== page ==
{
            SendErrorDialogMessage(error, friendlyError, string.Empty);
        }

        protected void SendErrorDialogMessage(Exception error, string friendlyError, string title)
        {
            var message = new ErrorMessage {Error = error, FriendlyError = friendlyError, Title = title};
            Messenger.Default.Send(message);
        }

        private bool _isBusy;

        public bool IsBusy
        {
            get { return _isBusy; }
            set
            {
                if (_isBusy != value)
                {
                    _isBusy = value;
                    RaisePropertyChanged("IsBusy");
                }
            }
        }
    }
}

Custom Message

The error message is a simple class inheriting from MVVM Light's MessageBase.
using System;
using GalaSoft.MvvmLight.Messaging;

namespace RiverBuddy.Messaging
{
    public class ErrorMessage : MessageBase 
    {
        public Exception Error { get; set; }

        public string FriendlyError { get; set; }

        public string Title { get; set; }
    }
}

The view / page level

Each view in the application inherits from a custom root (code-only) PhoneApplicationPageBase. Here the code is added that registers for the message so MVVM Light will listen for the message, as well as code to unregister the message (all messages for the page actually). The registration defines the HandleErrorMessage function as the callback and there the error window is created and shown.
using System;
using System.Windows;
using System.Windows.Controls;
using System.Windows.Navigation;
using GalaSoft.MvvmLight.Messaging;
using Microsoft.Phone.Controls;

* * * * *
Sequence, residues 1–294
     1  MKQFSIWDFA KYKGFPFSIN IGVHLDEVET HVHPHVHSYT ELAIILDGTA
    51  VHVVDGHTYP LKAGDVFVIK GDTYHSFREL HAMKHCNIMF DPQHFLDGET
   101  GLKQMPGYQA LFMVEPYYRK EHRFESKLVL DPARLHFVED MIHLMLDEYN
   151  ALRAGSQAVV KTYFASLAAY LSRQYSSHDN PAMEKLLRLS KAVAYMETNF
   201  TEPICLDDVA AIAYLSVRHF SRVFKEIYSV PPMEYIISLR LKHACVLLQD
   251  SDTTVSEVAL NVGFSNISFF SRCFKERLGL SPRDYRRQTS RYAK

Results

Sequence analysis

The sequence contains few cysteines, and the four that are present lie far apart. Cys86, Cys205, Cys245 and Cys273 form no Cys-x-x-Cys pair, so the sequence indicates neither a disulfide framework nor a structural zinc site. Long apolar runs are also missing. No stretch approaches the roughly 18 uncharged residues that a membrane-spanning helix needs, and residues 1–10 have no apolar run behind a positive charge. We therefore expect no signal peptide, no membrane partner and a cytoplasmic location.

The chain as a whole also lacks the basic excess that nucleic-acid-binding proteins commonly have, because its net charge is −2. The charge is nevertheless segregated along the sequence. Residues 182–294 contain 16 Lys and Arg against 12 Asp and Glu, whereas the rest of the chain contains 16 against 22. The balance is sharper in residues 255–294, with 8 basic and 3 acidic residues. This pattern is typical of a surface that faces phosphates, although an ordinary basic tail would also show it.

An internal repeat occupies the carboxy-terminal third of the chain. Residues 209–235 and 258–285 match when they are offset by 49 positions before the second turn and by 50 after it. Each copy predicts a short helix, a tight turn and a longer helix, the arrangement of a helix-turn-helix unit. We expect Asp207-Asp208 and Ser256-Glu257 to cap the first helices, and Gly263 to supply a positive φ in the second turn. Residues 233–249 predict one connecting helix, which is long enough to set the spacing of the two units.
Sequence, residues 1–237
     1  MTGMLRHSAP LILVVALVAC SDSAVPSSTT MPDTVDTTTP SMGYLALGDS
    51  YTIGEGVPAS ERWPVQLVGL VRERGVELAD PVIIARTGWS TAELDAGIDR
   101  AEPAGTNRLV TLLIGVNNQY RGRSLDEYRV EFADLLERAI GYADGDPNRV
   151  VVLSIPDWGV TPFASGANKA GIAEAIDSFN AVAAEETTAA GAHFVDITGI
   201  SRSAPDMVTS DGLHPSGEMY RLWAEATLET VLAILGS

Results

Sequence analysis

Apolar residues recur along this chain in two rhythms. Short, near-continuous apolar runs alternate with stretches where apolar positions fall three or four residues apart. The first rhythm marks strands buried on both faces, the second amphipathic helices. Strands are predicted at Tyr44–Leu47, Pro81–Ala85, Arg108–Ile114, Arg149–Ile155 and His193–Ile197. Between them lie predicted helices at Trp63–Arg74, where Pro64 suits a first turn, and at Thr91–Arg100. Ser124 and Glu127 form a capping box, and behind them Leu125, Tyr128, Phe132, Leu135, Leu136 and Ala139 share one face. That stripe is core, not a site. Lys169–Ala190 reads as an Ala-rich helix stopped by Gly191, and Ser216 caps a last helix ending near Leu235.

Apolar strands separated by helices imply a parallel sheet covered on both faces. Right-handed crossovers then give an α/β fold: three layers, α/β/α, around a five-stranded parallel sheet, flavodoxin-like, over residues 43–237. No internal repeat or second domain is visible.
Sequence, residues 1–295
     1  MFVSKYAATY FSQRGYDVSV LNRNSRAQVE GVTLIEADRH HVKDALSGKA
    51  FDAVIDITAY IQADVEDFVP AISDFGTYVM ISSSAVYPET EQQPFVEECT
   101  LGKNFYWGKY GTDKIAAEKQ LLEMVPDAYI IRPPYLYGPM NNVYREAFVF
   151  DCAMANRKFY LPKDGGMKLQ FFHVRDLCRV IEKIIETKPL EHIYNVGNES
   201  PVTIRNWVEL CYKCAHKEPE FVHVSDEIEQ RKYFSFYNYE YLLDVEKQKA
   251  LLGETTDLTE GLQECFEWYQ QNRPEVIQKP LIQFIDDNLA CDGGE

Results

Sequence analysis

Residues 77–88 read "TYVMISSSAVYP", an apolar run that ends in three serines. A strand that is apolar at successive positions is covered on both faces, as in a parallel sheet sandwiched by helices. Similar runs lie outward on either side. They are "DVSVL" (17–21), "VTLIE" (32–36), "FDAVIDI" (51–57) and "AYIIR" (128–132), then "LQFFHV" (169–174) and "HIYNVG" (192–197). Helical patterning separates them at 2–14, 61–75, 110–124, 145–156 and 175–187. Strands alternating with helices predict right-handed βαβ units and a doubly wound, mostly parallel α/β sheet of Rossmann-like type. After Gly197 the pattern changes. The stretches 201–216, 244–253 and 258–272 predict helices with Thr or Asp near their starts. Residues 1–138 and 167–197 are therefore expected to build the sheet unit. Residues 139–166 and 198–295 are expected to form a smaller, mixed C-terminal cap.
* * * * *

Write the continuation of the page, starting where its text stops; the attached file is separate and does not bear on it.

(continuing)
using RiverBuddy.Messaging;

namespace RiverBuddy.Views
{
    public class PhoneApplicationPageBase : PhoneApplicationPage
    {
        protected override void OnNavigatedTo(NavigationEventArgs e)
        {
            base.OnNavigatedTo(e);
            RegisterErrorMessage();
			/* other code removed */
        }

        protected override void OnNavigatedFrom(NavigationEventArgs e)
        {
            base.OnNavigatedFrom(e);
            UnregisterAll();
			/* other code removed */
        }

        private void RegisterErrorMessage()
        {
            Messenger.Default.Register<ErrorMessage>(this, HandleErrorMessage);
        }

        private void HandleErrorMessage(ErrorMessage errorMessage)
        {
            var errorWin = new ErrorWindow(errorMessage.Error, errorMessage.FriendlyError);

            if (!string.IsNullOrEmpty(errorMessage.Title))
                errorWin.Title = errorMessage.Title;

            errorWin.Show();
        }

        protected void UnregisterAll()
        {
            Messenger.Default.Unregister(this);
        }
		
		/* other code removed */
    }
}

Error window as a "popup"

I started out navigating to an error view but that has problems with navigation (back button etc.) and just feels goofy. It made more sense to show a "modal dialog" with error details and allow the user to dismiss it and be back to where he/she left off. Unfortunately I found that ChildWindow was not available "out of the box" for WP7 but thankfully Shawn Wildermuth came to the rescue with getting the Silverlight 3 one to work / look good on WP7. I won't go into that here as his post explains it well.

I will say there is some debate by some on its use. Below are the concerns I've seen and my thoughts on each.
  • It's not native - Yes there is no item template for it in WP7 V1. However it was made to feel and look native and Microsoft won't reject the app because it uses it.
  • It requires notification permission - Somewhere there is certification guideline on asking the user if the app can display notifications. All signs I've seen point to this not being considered a notification by any means. It's just a floating, "modal" view that works better than MessageBox.
  • Orientation rotation - I noticed rotating the phone did not rotate the child window. Makes sense in that this is not a phone application page or phone control. However (a) users generally won't be rotating the phone after the error pops up and (b) there are ways to code that manually. See here and here on the WP7 Forums for more.